Hospital Corner – February, 2018
Rampart, patient is in V-fib! We have lost the victim’s pulse, beginning CPR…Rampart, we have defibrillated victim; he has sinus rhythm. Squad 51 transporting. Out. (Roy DeSoto)
If those words or that name sound familiar, then you must have been a fan of the TV show Emergency! in the 1970s. The series ran for several years, each week telling stories of brave paramedics and skilled hospital staff working together to save lives. When the show debuted in 1972, paramedics were unheard of, except in Los Angeles where one of the first paramedic programs had just begun. The show was very popular and soon everyone wanted a paramedic service in their city—and lots of us wanted to be DeSoto or John Gage, the two fictional paramedic stars of the show. Based at Fire Station 51, Gage, DeSoto and their colleagues responded to emergencies of all kinds around the clock, using the primitive technology of the day to coordinate victim care (at the scene and while transporting) with the doctors and nurses at fictional Rampart Hospital. That paramedicine model has changed little since then—until now.
Community Paramedicine (CP) will debut soon in Mineral County. Whereas traditional paramedicine is reactive (9-1-1 call, EMTs respond), CP is proactive. In other words, CP involves an advanced paramedic who makes home visits to increase access to primary and preventive services. Goal is to provide follow-up care after a hospital discharge to prevent 9-1-1 calls, ER visits, and/or readmissions. Our paramedic can also do health assessments, check on medications, keep patients up to date on vaccinations and immunizations, collect lab samples, and perform home safety checks as needed. Medicaid patients with chronic health issues (COPD, diabetes, CHF, etc.) are the primary focus of CP.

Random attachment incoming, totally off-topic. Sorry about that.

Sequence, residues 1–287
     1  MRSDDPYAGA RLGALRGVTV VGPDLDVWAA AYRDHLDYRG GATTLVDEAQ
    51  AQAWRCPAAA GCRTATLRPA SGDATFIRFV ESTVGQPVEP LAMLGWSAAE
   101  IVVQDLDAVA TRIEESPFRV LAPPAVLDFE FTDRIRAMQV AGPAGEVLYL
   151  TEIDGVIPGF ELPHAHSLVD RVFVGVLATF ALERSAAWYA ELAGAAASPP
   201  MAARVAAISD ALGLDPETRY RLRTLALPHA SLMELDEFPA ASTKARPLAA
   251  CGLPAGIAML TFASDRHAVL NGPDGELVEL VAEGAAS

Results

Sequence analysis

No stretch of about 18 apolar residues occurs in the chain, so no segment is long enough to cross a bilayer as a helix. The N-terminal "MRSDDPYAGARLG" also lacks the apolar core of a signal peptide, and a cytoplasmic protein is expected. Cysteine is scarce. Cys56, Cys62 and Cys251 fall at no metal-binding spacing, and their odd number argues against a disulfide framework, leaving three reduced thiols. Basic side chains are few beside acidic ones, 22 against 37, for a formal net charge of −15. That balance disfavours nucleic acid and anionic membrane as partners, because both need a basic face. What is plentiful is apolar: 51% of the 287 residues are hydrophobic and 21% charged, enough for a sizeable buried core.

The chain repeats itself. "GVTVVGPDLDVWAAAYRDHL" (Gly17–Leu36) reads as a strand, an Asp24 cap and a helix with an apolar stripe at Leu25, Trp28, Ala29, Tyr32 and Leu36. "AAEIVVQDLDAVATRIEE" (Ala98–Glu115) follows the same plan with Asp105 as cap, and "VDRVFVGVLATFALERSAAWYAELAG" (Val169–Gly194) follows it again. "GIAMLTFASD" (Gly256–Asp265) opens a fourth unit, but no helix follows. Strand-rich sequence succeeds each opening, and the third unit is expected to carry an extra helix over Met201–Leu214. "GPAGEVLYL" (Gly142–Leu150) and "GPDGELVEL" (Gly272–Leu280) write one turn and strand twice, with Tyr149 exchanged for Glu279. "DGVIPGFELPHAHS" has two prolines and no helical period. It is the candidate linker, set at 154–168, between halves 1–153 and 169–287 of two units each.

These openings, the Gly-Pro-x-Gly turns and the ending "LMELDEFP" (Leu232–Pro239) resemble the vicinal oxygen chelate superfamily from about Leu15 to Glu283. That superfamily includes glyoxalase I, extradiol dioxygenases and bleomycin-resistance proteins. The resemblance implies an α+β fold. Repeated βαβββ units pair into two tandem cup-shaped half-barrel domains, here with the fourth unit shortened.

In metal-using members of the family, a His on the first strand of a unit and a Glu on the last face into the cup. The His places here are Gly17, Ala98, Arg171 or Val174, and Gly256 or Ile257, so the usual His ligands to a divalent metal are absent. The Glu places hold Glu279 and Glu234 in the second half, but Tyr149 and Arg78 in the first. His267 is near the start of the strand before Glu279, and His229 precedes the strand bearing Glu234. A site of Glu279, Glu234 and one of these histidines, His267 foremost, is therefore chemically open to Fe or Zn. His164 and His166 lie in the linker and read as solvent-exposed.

The state of Nevada is partially sponsoring this effort; at present, the only other rural hospital with a successful CP program is in Winnemucca. Mt. Grant General’s community paramedic will hit the streets in early spring. Don’t worry, our paramedic will call first and make an appointment before knocking on your door (and no, the Emergency! theme song won’t be playing when he arrives).
We are beginning to reap the rewards of our Pennington Foundation grant. First phase of Lefa L. Seran Nursing Home remodel is done (thank you G Dubs) and next phase will begin soon. New equipment for Radiology, Laboratory, Nursing and Laundry Services is expected to arrive this month. ADA compliant ramp has been added to the east side of the Clinic. Work on new Pre-Op/Post-Op Treatment Room will begin in coming months (no more lengthy stays in hospital waiting room for IV therapy, phlebotomy, and the like). Thanks for your patience as Mt. Grant modernizes for the 21st Century!
More than 150 meals a day. Our Dietary Team prepares breakfasts, lunches and dinners as well as a variety of snacks for residents, acute patients, and staff at all hours. The tiny hospital kitchen built in 1964 is woefully small for such a task but somehow our cooks and dietary aides manage to make it happen every day of the week. Serving tasty and healthy food with a smile is the goal daily for Cassie, Mary and crew.
Flu season will be with us for another month or two; keep washing your hands and get a flu shot if you haven’t yet (not too late). I know, vaccine is not the most effective but any protection is better than none.
Hugh Qualls, Administrator